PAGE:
—“Are memories for sexually traumatic events ‘special’? A within-subjects investigation of trauma and memory in a clinical sample,” Kristine A. Peace, Stephen Porter, and Leanne ten Brinke, Memory
The YouTube presidential debates were just the tip of the iceberg: according to a new Pew Research Center study, Americans are turning increasingly to online sources for election coverage. Although television continues to outperform print newspapers and the Internet as the main source of campaign news, the percentage of people who say they get most of their news about the election from television dropped from 68 percent during the 2004 race to 60 percent in late 2007, while the percentage of people who reported that they turn primarily to the Internet for news about the presidential candidates more than doubled, from 6 percent in 2004 to 15 percent at the end of 2007. Nearly half of 18-to-29-year-olds report that they get most of their election news online, compared with 21 percent in 2004. The Internet gets slightly higher marks for objectivity: 45 percent of the people who consume news online believe that Republican and Democratic views get roughly equal attention on political Web sites and blogs, whereas 41 percent of all Americans feel the same way about general media coverage of the campaigns. However, the new media landscape may be less diverse than some of the hype would suggest: the study finds that online readers relied overwhelmingly on only a few popular news sites, with MSNBC, CNN, and Yahoo News topping the list. And the growing popularity of political coverage on the Internet doesn’t necessarily correlate with a rising appetite for news. As the study reports, “a majority of web users … say they ‘come across’ campaign news and information when they are going online to do something else.”
|Click the graph above to see a larger version|
—“Social Networking and Online Videos Take Off: Internet’s Broader Role in Campaign 2008,” [PDF] Andrew Kohut et al., Pew Research Center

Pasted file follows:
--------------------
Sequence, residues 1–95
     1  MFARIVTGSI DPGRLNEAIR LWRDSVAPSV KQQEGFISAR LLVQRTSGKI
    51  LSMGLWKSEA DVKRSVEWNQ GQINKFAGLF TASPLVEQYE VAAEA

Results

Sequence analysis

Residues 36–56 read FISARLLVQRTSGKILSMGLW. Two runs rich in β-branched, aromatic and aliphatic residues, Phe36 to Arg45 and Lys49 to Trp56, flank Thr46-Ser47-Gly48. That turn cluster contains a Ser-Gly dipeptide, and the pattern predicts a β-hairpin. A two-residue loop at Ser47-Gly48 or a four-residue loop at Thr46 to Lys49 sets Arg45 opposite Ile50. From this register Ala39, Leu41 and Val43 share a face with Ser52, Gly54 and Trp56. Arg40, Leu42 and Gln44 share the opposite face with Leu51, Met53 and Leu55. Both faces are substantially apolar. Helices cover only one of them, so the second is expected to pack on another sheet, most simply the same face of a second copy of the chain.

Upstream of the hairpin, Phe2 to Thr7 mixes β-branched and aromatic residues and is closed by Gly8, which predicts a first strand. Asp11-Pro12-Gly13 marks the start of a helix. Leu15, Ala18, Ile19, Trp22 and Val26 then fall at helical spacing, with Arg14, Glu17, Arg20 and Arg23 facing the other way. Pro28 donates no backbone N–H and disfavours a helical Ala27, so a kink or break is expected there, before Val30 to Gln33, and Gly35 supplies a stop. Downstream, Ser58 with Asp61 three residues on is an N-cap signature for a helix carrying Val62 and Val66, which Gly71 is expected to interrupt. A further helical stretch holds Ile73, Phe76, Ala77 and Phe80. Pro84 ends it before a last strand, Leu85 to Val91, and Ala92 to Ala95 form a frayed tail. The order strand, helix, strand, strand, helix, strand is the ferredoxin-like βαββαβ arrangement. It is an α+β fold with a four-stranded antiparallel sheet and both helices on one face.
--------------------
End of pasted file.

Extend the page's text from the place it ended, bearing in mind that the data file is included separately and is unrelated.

Expectant parents have long considered the meaning behind names before choosing one for their child, but a recent study suggests it’s our initials that help determine our fates. The authors argue that our preference for our names is so strong that we unconsciously gravitate toward people, places, objects, and outcomes that begin with the same letter as our moniker: Mary is more likely to marry Mark, drive a Mazda, and move to Maryland than is Virginia, who’s more likely to marry Virgil, drive a Volvo, and move to Virginia. To test whether the influence of initials could override a conscious desire to succeed at something, the authors turned to professional baseball players and graduate students. An analysis of Major League Baseball records from 1913 to 2006 showed that players whose first or last name started with the letter K (the symbol for strikeout) were slightly more likely to fulfill the destiny suggested by their initials: they struck out 18.8 percent of the time, compared with 17.2 percent for other players. Likewise, MBA students whose first or last name began with a C or a D tended to end up with lower grade-point averages, and law students with A or B in their initials tended to end up at better-ranked programs than those whose initials included a C or a D. Students with initials from the very beginning of the alphabet did not, however, earn higher grades than those with grade-irrelevant initials. The authors explain that performance reflects both motivation and ability, so although having a name tied to “easy-to-achieve negative outcomes” might hurt you, having a name whose first letter reflects “hard-to-achieve positive outcomes” may not offer a boost.